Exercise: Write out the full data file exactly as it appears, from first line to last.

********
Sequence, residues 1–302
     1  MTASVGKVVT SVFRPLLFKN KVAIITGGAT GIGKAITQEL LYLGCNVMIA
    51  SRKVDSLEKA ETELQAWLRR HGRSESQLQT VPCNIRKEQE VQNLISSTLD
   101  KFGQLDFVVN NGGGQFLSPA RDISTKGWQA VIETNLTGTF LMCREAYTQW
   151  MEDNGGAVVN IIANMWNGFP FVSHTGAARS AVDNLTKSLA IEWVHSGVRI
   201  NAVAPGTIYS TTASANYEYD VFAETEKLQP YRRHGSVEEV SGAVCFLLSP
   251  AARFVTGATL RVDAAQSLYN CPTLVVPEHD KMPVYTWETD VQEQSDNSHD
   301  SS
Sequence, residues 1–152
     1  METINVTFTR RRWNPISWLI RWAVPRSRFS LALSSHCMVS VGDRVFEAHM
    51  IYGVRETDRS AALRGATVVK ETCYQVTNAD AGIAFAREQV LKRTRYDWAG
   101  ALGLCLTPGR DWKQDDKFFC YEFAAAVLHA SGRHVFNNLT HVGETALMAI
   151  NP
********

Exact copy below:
Sequence, residues 1–302
     1  MTASVGKVVT SVFRPLLFKN KVAIITGGAT GIGKAITQEL LYLGCNVMIA
    51  SRKVDSLEKA ETELQAWLRR HGRSESQLQT VPCNIRKEQE VQNLISSTLD
   101  KFGQLDFVVN NGGGQFLSPA RDISTKGWQA VIETNLTGTF LMCREAYTQW
   151  MEDNGGAVVN IIANMWNGFP FVSHTGAARS AVDNLTKSLA IEWVHSGVRI
   201  NAVAPGTIYS TTASANYEYD VFAETEKLQP YRRHGSVEEV SGAVCFLLSP
   251  AARFVTGATL RVDAAQSLYN CPTLVVPEHD KMPVYTWETD VQEQSDNSHD
   301  SS
Sequence, residues 1–152
     1  METINVTFTR RRWNPISWLI RWAVPRSRFS LALSSHCMVS VGDRVFEAHM
    51  IYGVRETDRS AALRGATVVK ETCYQVTNAD AGIAFAREQV LKRTRYDWAG
   101  ALGLCLTPGR DWKQDDKFFC YEFAAAVLHA SGRHVFNNLT HVGETALMAI
   151  NP